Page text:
Nursing not the place for hospitals to cut costs

Austin American-Statesman, November 16, 1993

The lead article in the Statesman’s Oct. 31 Business section about the problems facing Seton and its new CEO, Charles Barnett, really hit home. The article stated that budget shortfalls are forcing Seton to cut costs, and Seton administrators are focusing on nursing. Differential pay programs that have successfully served as incentives for nurses to work weekends and nights are being eliminated. Nurses in good standing who may have past counseling occurrences are being laid off.

The article pointed out that wages and benefits comprise 51 percent of Seton’s total expenses, and that the national average is 56 percent. Go figure. In my book that means Seton is doing better than its national counterparts in wage and benefit expenses. Seems irrational to look here for further cuts.

The psychology behind targeting nursing to cut costs must be based on the fact that hospital financial statements reflect professional nursing under the rubric “operating expense.” But please, let us be ever mindful of the fact that, unlike physicians, these frontline caregivers do not have privilege to direct reimbursement for their services. And let us not overlook that this “expense” is human capital.

Seton administrators of days gone by considered their professional nursing staff, despite its position on the accounting balance sheet, to be an asset – a priceless resource worth its weight in gold to the hospital and to the community. Common sense dictated that if nurses were nurtured and supported, the patient would reap the benefits, and in fact this community has reveled in Seton’s quintessential nursing care since 1902.

Now that Seton is facing hard times, I think a lot can be learned from another of the 40 Daughters of Charity hospitals that underwent a similar experience in 1989 – Providence Hospital in northeast Washington, D.C. The Nov. 2 edition of MacNeil/Lehrer Newshour featured a Phyllis Theroux essay on Providence. This hospital lives the mission of caring for the needy and cares for a high percentage of Medicare and Medicaid patients. Although most hospitals operate at a two percent profit margin, in 1989 Providence was operating at minus 21 percent profit – mainly due to administrative problems, bad debt, poor contracts, various failing business ventures and too many opportunities for corruption.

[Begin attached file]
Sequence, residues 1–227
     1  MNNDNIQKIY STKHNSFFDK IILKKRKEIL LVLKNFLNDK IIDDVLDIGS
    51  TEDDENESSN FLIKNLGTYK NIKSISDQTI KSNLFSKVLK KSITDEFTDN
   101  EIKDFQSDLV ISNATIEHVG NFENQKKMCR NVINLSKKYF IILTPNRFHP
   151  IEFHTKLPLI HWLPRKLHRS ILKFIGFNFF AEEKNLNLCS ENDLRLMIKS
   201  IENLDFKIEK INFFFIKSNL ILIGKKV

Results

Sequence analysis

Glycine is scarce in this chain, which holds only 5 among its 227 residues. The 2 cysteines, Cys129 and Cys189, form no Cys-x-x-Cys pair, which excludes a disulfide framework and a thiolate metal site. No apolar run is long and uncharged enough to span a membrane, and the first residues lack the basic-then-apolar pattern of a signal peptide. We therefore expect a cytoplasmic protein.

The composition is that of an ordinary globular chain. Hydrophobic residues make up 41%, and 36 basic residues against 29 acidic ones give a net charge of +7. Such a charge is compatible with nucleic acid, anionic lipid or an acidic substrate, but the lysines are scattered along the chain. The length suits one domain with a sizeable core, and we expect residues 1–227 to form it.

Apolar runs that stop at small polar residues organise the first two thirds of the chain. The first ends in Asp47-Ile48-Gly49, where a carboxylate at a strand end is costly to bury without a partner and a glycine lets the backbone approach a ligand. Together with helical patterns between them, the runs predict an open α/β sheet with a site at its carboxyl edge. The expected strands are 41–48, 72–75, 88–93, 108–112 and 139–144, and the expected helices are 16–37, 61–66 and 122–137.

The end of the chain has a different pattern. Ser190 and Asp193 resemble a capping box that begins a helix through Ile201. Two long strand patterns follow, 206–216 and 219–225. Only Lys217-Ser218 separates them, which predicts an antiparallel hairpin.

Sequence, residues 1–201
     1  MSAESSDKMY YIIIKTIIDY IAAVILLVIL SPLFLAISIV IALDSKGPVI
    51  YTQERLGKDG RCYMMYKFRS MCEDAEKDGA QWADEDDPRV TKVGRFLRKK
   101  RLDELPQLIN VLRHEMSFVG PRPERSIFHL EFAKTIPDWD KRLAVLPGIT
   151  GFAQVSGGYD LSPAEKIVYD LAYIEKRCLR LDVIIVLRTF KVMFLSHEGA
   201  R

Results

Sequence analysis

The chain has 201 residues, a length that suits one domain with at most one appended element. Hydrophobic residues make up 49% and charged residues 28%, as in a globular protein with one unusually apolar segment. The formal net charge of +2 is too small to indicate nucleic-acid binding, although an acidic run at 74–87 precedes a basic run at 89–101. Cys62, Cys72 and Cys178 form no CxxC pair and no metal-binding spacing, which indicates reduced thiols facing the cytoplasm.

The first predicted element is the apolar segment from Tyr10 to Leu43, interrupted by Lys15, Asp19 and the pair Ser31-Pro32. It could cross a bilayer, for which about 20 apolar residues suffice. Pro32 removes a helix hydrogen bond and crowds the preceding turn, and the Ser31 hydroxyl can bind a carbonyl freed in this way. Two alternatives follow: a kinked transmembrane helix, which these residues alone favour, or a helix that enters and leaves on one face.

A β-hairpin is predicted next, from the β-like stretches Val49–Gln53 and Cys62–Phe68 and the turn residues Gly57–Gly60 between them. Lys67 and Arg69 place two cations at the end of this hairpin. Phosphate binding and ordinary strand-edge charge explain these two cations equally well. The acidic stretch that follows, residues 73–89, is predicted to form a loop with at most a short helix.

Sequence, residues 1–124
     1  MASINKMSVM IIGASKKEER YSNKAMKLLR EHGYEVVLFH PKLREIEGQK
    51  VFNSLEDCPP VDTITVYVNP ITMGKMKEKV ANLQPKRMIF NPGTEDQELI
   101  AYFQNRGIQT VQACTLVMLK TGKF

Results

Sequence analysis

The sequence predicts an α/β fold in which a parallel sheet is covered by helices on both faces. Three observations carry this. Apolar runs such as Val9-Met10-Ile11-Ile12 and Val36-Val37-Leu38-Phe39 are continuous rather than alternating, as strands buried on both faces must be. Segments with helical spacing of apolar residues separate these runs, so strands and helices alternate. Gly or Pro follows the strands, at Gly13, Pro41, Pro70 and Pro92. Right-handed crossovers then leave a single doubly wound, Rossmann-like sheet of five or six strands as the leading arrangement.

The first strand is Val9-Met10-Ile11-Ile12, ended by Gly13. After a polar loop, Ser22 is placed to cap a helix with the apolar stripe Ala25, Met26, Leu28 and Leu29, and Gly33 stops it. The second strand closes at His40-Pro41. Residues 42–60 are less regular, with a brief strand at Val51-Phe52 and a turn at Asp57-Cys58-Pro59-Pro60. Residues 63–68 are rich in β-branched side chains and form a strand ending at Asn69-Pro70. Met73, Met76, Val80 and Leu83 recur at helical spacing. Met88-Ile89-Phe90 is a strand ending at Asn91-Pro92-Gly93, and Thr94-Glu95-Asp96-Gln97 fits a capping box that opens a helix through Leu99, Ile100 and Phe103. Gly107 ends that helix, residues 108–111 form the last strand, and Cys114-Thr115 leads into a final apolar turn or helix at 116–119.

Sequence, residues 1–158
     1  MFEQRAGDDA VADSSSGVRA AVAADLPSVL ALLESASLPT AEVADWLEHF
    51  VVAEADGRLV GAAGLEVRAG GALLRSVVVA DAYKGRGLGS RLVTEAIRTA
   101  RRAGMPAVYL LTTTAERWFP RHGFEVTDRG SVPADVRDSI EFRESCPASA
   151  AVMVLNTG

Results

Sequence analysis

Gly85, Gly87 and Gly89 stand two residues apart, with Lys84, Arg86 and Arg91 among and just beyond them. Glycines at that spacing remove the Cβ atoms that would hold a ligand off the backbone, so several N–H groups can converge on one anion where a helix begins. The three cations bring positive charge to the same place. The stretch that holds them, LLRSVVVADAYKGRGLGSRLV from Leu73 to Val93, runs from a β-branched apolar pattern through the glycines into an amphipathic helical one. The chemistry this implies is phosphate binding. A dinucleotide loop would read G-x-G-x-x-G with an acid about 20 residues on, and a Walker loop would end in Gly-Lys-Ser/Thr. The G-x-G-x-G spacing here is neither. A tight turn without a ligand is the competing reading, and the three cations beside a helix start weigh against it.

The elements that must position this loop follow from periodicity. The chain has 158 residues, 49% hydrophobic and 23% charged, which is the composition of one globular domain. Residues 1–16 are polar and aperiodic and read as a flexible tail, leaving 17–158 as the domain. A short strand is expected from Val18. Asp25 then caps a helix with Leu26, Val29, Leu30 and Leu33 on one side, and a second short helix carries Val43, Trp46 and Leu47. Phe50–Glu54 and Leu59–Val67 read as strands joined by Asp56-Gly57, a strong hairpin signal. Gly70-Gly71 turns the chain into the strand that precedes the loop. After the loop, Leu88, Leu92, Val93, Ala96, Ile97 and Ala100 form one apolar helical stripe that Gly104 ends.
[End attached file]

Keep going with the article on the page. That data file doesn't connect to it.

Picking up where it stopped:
At that time, Sister Carol Keehan took over as president and CEO. She ignored the advice of corporate America to cut employees and services. Instead, she went to the staff and not only assured them no one would be fired except as a last resort, but also solicited their advice on how to turn things around. Hospital revenues went up through prudent management, bulk purchasing for everything from supplies to insurance, patient billings and various fund-raising drives. Marketing money was used to provide free valet parking so that the elderly would not have to walk alone through long parking lots. As a not-for-profit organization, there were no stockholders to reward, and income was plowed right back into patient services.

Sister Keehan had a commitment to doing the right thing, and Providence is prospering. The staff have a new sense of teamwork and believe in what they doing, which is to treat people right because it’s the right thing to do.

Good luck, Mr. Barnett, in your quest to keep Seton solvent during these changing times. And go easy on nursing; after all, Seton and its nursing staff have been one of this community’s greatest assets for nearly a century

Toni Inglis, MSN, RN CNS (retired), FAAN, a lifelong Austin resident and retired neonatal intensive care nurse and editor of NursingNews, writes a monthly opinion column for the Austin American-Statesman editorial page.